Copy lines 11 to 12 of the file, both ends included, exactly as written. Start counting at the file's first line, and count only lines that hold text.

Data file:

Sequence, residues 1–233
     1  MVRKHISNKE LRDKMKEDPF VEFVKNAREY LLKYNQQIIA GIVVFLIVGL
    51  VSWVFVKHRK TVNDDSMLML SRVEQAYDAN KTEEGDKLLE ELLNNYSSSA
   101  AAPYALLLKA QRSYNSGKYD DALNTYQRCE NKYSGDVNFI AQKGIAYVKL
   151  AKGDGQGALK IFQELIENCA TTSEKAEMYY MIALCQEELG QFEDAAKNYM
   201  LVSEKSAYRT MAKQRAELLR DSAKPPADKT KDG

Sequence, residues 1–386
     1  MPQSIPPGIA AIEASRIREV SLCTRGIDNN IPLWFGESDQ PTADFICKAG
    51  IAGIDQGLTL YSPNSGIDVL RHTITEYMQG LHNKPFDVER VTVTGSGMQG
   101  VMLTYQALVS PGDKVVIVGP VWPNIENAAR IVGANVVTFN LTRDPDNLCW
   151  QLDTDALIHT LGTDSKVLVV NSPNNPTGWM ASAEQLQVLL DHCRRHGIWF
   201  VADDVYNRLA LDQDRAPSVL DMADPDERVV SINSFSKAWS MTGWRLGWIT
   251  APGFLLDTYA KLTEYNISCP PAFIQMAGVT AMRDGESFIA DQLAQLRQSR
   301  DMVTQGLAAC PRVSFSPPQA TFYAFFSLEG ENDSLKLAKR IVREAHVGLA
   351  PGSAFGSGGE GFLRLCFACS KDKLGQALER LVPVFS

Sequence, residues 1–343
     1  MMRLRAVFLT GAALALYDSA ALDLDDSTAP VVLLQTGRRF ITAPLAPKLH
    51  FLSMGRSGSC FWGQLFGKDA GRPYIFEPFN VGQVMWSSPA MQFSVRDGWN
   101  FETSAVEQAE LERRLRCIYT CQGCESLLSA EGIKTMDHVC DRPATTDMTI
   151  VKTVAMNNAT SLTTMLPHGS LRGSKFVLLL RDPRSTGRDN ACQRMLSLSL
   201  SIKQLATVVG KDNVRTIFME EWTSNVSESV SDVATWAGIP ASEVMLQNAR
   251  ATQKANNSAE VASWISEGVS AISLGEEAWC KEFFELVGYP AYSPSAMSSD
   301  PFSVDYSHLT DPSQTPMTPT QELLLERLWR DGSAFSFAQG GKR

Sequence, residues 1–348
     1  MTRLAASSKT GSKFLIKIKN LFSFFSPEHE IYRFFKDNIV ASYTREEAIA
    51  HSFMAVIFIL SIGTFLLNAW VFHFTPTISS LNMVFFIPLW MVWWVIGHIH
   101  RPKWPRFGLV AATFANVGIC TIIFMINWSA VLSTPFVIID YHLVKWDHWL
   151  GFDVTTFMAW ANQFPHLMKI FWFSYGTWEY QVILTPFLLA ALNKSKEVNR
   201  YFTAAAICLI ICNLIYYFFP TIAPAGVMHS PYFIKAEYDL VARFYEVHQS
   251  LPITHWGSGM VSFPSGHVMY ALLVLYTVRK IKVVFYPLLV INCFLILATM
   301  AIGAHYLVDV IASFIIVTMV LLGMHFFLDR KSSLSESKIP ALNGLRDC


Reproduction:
   151  QLDTDALIHT LGTDSKVLVV NSPNNPTGWM ASAEQLQVLL DHCRRHGIWF
   201  VADDVYNRLA LDQDRAPSVL DMADPDERVV SINSFSKAWS MTGWRLGWIT